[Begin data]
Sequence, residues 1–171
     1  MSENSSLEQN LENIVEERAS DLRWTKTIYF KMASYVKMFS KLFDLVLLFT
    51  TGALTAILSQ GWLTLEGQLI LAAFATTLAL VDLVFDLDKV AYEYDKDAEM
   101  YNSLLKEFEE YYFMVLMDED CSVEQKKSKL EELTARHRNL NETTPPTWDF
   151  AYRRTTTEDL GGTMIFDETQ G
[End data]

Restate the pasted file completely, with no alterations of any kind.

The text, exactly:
Sequence, residues 1–171
     1  MSENSSLEQN LENIVEERAS DLRWTKTIYF KMASYVKMFS KLFDLVLLFT
    51  TGALTAILSQ GWLTLEGQLI LAAFATTLAL VDLVFDLDKV AYEYDKDAEM
   101  YNSLLKEFEE YYFMVLMDED CSVEQKKSKL EELTARHRNL NETTPPTWDF
   151  AYRRTTTEDL GGTMIFDETQ G